Objective: To examine the relationship of knee malalignment with occurrence of incident and enlarging bone marrow lesions (BMLs) and regression of BMLs. Methods: Subjects from the Multicenter Osteoarthritis Study aged 50-79 years with or at high risk of knee osteoarthritis were studied. Full-limb radiographs were taken at baseline and hip-knee-ankle mechanical axis was measured. Baseline and 30-month magnetic resonance imaging (MRI) of knees (n = 1782) were semiquantitatively assessed for BMLs. Outcome was defined as a change in BML score in femoral/tibial condyle in medial/lateral compartments. Medial compartment in varus alignment and lateral compartment in valgus alignment were combined to form 'more loaded' compartment, while lateral compartment in valgus and medial compartment in varus were combined to form 'less loaded' compartment. Relative risk (RR) of BML score increase or decrease in relation to malalignment was estimated using a log linear regression model with the Poisson assumption, adjusting for age, gender, body mass index, physical activity scale for the elderly, race and clinic site. Further, results were stratified by ipsilateral meniscal and cartilage status at baseline. Results: Baseline varus alignment was associated with higher risk of BML score increase from baseline to follow-up in the medial compartment [adjusted RRs (95%CI): 1.5 (1.2-1.9)] and valgus alignment in the lateral compartment [1.4 (1.0-2.1)]. Increase in BML score was more likely in the more loaded compartments [1.7 (1.4-2.0)] in malaligned knees. Regardless of ipsilateral cartilage or meniscus status, adjusted RR for BML score increase was higher in the more loaded compartments of malaligned knees than those with neutral alignment. Decrease in BML score was less likely in the more loaded compartments in malaligned knees [0.8 (0.7-1.0)]. Conclusion: Knee malalignment is associated with increased risk of incident and enlarging BMLs in the more loaded compartments of the tibiofemoral joint.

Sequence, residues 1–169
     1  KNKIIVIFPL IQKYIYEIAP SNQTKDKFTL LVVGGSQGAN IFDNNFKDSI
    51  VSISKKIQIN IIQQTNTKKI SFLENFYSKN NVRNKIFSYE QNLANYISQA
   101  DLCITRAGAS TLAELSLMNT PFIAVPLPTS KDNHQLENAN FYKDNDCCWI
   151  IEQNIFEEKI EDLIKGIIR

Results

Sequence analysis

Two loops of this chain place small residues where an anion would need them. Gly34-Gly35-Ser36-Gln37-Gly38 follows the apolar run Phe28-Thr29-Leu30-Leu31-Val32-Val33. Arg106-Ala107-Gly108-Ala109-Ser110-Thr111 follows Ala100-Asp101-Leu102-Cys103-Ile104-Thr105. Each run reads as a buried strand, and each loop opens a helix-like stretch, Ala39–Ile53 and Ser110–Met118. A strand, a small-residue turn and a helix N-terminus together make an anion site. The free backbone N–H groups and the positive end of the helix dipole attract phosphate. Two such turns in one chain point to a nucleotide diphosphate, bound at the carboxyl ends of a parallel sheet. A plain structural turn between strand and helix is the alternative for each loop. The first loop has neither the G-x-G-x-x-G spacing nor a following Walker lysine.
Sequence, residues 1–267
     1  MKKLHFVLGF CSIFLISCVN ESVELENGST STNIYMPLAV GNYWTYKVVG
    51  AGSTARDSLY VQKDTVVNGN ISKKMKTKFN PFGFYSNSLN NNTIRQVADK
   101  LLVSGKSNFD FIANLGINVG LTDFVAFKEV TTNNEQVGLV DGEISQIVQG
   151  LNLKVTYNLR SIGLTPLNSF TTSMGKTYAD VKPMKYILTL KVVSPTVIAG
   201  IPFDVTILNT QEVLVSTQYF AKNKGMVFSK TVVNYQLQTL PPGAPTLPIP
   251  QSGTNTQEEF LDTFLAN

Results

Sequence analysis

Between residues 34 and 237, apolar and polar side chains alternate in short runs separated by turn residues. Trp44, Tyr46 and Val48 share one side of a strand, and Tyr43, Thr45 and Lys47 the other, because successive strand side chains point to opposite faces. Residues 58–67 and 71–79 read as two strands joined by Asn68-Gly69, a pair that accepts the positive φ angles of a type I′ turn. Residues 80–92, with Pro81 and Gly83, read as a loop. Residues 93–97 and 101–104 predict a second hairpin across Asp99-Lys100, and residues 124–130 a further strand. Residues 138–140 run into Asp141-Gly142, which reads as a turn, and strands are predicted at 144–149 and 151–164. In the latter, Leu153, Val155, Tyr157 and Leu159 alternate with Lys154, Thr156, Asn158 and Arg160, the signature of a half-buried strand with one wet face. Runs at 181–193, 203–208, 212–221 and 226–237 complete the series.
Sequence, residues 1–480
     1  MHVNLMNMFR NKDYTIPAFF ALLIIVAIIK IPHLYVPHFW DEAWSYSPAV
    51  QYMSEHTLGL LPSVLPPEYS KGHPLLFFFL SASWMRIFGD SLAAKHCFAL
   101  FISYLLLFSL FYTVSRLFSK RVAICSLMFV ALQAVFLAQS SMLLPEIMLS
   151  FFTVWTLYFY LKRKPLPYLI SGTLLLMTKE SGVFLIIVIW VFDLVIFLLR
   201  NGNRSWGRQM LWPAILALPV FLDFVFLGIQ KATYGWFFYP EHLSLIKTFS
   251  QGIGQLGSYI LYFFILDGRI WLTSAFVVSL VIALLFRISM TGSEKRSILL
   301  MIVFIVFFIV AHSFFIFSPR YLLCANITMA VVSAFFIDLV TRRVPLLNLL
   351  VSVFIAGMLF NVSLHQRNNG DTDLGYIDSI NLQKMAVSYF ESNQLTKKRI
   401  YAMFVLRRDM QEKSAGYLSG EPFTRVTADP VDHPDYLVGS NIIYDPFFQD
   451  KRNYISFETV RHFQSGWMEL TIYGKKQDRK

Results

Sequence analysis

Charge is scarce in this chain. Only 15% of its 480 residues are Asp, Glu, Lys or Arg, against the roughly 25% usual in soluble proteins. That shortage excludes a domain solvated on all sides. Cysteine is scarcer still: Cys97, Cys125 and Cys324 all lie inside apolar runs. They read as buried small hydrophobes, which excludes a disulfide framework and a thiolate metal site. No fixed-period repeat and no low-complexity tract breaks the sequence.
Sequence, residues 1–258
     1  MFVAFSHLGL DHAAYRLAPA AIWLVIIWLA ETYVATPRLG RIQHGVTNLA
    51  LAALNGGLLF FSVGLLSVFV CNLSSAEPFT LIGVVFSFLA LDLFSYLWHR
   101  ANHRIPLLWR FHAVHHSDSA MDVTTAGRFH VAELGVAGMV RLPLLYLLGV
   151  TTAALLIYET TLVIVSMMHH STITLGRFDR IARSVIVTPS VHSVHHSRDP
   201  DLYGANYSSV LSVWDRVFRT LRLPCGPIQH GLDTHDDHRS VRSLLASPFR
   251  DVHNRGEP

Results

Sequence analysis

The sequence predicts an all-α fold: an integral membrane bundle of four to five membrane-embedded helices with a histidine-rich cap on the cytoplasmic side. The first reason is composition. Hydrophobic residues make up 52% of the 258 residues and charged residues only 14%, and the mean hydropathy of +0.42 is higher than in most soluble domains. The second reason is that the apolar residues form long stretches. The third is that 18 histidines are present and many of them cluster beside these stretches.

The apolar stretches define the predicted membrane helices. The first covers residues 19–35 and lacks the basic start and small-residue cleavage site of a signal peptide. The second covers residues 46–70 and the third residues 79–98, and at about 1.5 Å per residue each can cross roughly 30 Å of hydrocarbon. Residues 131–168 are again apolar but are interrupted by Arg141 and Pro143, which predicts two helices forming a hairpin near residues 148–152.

- Bone marrow lesion
ASJC Scopus subject areas
- Biomedical Engineering
- Orthopedics and Sports Medicine